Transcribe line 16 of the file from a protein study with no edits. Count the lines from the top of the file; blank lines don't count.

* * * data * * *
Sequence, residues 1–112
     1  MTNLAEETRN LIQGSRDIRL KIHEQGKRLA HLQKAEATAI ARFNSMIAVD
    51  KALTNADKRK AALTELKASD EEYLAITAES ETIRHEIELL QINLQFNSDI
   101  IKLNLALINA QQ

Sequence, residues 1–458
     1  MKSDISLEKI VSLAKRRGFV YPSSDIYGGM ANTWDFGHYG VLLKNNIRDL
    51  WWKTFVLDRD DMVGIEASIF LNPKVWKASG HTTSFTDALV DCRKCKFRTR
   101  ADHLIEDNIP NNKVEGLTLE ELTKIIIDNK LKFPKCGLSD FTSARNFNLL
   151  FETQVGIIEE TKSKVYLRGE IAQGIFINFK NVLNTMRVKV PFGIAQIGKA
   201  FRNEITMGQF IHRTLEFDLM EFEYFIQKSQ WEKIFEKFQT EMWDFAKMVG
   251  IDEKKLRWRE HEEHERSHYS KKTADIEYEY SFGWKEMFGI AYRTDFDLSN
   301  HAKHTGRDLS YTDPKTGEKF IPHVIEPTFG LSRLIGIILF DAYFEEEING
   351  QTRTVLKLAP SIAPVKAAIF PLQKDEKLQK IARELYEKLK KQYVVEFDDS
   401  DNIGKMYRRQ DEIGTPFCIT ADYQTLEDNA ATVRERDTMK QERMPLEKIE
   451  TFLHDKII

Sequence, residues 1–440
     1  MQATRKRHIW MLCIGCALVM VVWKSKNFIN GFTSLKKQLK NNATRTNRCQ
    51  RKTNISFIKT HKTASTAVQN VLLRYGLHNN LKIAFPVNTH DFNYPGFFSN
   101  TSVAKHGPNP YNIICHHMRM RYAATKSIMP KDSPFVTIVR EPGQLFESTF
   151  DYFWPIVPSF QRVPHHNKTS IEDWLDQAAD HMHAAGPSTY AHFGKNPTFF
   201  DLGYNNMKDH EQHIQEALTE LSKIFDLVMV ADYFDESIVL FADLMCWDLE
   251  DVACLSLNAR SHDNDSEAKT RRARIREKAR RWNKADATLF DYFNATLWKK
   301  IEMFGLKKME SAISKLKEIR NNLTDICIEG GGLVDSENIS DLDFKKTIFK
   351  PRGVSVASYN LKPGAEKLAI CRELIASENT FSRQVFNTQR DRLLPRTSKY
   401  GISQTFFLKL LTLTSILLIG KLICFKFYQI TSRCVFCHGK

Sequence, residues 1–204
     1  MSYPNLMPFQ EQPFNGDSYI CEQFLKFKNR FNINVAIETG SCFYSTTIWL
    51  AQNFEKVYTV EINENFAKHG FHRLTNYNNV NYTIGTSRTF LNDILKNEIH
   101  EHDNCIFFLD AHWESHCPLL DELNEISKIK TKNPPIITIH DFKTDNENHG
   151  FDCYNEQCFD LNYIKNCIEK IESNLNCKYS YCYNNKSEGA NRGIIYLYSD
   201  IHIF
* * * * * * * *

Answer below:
Sequence, residues 1–440